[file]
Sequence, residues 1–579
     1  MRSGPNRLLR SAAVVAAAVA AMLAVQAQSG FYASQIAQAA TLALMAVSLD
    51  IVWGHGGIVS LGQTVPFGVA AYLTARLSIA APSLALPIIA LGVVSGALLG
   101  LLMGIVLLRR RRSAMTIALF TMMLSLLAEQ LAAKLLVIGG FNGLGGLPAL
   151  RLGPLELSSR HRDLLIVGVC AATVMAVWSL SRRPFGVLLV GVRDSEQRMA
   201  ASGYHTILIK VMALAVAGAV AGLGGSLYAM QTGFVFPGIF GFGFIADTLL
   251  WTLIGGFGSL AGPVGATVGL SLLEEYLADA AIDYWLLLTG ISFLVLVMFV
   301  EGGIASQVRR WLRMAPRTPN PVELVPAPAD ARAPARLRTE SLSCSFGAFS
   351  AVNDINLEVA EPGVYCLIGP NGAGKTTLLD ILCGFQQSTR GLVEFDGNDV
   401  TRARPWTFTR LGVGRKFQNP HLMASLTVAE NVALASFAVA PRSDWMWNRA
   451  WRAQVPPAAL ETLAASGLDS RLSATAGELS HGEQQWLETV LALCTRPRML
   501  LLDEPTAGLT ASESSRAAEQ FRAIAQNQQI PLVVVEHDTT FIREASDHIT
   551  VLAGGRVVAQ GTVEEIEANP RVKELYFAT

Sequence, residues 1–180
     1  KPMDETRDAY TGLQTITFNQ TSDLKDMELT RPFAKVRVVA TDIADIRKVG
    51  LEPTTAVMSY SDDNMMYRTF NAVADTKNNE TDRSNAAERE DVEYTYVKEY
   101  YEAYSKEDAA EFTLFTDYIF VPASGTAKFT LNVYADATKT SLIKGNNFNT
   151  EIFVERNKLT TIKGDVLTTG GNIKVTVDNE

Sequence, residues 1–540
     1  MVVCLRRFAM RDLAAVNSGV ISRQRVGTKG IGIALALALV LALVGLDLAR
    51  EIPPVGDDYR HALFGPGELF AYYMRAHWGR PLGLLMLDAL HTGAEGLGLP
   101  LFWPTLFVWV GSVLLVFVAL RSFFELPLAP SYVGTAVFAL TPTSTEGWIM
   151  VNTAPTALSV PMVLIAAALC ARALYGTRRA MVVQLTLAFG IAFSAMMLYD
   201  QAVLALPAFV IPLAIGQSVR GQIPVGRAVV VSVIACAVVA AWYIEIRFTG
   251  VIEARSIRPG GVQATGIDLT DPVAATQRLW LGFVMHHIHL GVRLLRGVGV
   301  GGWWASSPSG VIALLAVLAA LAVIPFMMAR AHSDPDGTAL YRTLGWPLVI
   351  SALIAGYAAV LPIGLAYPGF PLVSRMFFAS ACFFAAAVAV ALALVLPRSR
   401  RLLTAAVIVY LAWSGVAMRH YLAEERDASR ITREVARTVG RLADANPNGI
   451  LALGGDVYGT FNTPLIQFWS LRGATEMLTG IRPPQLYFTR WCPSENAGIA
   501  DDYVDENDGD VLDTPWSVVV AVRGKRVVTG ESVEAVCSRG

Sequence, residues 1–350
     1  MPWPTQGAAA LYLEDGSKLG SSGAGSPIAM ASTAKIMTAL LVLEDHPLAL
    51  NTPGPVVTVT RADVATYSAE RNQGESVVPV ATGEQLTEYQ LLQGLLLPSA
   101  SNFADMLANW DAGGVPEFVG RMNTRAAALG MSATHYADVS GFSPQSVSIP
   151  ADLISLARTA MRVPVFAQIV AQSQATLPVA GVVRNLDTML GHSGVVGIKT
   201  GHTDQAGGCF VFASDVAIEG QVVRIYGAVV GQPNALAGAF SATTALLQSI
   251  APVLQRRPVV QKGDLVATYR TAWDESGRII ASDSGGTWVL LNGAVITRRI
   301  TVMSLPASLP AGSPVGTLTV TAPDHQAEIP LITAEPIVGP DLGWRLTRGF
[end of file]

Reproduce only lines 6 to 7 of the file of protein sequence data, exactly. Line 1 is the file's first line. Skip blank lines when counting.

   201  ASGYHTILIK VMALAVAGAV AGLGGSLYAM QTGFVFPGIF GFGFIADTLL
   251  WTLIGGFGSL AGPVGATVGL SLLEEYLADA AIDYWLLLTG ISFLVLVMFV